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January 2018 - Tazia Miah

January 2018

Tazia Miah

BS International Studies (Global Environment and Health); minor, Asian Languages and Culture (Japanese) ‘19

Hometown: Hamtramck, MI

Affiliations: Secretary for the Bangladeshi Student Association, outreach to Hamtramck High School for Colleges, member of Global Scholars Program, member of CommCon (Planning Community Service & Social Bonding Events), two-semester internship with ALPHA Education, member of the Foundation for International Medical Relief for Children: Global Awareness Committee, community service member of the Muslim Student Association, volunteer at Ronald McDonald House Charities of Ann Arbor, volunteer at Michigan Medicine, circulation desk assistant at the University of Michigan Libraries, past peer advisor for Health Science Scholars Program and Summer Orientation Leader, MAC-ASB volunteer, past UROP research assistant in the effects of dietary changes for lowering type 2 diabetes, and Past Fellow with the Campus Election Engagement Program

“I believe that the world and the people within it have an infinite amount of knowledge to offer. It is by taking the time to understand others that allows compassion to be sustainable in this world and discrimination to not. Seizing the opportunities to learn this knowledge is not something that I am keen on forgoing.

From a young age, I have been intrigued with how individuals and groups are both unique and the same. This curiosity sparked my passion to pursue International Studies as my major with the sub-plan of Global Environment and Health at the University of Michigan. What I specifically found intriguing about the International Studies major is its emphasis on incorporating culture and gaining insight into how people interact with each other and the rest of the world. International Studies provides a foundation for understanding people on a personal level and global scale, which provides me with necessary resources as I plan to pursue further health and medical education after graduation. I believe understanding people and their stories is crucial to providing the best healthcare and educated preventative methods. International Studies allows me to choose an individualized course load in order to do so. I believe it is the incorporation of what we learn inside and outside the classroom combined that provides the most learning opportunities, which is exactly what the International Studies major promotes!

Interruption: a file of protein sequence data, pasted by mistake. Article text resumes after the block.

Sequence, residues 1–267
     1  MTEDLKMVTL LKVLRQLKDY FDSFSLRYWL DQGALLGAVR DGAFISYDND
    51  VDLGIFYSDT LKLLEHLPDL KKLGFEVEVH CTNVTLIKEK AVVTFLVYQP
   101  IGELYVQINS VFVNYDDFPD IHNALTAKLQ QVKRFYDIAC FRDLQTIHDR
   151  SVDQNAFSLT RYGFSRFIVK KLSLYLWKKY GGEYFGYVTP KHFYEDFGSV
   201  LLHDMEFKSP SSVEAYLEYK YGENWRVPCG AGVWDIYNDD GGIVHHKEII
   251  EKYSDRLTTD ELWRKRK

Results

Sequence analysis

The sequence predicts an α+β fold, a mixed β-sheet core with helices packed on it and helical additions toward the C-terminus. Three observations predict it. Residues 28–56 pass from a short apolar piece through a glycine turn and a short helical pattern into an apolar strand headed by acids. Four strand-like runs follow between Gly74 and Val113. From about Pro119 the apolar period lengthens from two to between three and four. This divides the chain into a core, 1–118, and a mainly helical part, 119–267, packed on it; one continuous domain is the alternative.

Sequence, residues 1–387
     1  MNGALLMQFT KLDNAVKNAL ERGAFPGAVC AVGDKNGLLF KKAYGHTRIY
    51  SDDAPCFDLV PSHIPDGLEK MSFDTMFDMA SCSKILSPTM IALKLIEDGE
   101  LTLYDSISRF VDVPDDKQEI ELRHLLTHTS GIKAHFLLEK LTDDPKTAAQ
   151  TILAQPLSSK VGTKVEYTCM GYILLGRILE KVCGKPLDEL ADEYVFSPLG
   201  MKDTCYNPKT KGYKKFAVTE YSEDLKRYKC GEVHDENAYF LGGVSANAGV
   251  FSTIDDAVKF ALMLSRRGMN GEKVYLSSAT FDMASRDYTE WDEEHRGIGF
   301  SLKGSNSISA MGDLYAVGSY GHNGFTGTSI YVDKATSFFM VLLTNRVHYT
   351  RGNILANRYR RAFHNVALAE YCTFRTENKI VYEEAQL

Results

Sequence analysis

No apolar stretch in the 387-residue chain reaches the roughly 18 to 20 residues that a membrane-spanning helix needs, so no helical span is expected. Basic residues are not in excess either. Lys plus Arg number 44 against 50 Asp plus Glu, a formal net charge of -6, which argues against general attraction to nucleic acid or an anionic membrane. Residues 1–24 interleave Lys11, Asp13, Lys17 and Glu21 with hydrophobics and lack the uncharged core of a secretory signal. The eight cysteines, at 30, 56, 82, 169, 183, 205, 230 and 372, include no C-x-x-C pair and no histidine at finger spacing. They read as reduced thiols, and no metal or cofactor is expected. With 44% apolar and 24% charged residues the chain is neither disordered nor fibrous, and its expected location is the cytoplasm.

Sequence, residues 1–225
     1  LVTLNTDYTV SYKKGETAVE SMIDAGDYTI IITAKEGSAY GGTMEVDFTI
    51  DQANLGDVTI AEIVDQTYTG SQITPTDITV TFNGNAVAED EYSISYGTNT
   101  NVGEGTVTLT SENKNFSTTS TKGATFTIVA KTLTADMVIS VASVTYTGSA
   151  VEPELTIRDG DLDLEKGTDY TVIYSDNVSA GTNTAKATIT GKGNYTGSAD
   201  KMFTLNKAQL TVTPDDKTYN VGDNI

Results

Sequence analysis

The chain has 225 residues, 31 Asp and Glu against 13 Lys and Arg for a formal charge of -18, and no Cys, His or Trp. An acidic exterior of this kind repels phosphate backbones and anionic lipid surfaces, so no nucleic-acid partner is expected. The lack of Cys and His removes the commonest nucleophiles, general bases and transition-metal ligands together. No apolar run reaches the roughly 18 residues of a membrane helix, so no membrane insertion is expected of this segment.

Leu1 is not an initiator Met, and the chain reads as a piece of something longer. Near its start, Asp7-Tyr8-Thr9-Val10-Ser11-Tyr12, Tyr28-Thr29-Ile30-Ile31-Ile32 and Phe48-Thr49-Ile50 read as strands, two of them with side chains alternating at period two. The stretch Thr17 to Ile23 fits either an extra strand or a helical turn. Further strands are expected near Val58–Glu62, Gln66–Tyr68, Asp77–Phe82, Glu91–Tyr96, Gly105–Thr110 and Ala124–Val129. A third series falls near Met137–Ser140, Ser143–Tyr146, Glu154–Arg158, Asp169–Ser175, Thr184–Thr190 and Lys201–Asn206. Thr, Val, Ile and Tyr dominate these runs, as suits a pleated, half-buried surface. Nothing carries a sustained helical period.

Last summer, I had the opportunity to study abroad in Tokyo, Japan. Traveling to Japan had its overwhelming pros, but there were still challenges along the way. Although I have taken Japanese classes, I am far from fluent. Having to overcome the language barrier, it was challenging to always be able to communicate smoothly or to be able to understand the Japanese spoken around me. It also made me realize the luxury of English being such a prominent language in the world. From menus to the directions on subways, there was more incorporation of English in Tokyo than I expected. Many people also knew bits of English, but I doubt that can be said for people knowing Japanese as frequently in the United States. Being in Japan definitely encouraged me to want to continue taking Japanese classes to be able to communicate more readily. Throughout my childhood, I have also seen how my mom has faced barriers due to her Bengali accent and her original lack of fluency in English. This pushes me even more to retain the languages that I speak (Bengali) or am learning (Japanese) and continue to strive to be welcoming to anyone who speaks another language. I agree with the many that say we should praise those who know multiple languages because without people taking the initiative to understand each other, how would we ever communicate?”

Future plans: “I hope to continue pursuing global experiences abroad. In the summer of 2018, I will be going on a Global Intercultural Experience for Undergraduates (GIEU) study abroad trip to Ho Chi Minh City, Vietnam, to learn from and work with non-profit organization on community development and entrepreneurship. As I continue my undergraduate education, I hope to increase my understanding of cultures and various perspectives around the world. I also hope to learn more about what different food systems entail for people’s health, the health barriers people face, and how we can tackle these complex health challenges. After graduating, I hope to attend graduate school to pursue a Master in Public Health (MPH) in Health Behavior and Health Education in health disparities and food accessibility and later a Doctor of Medicine (MD) program in family medicine or neonatal care.”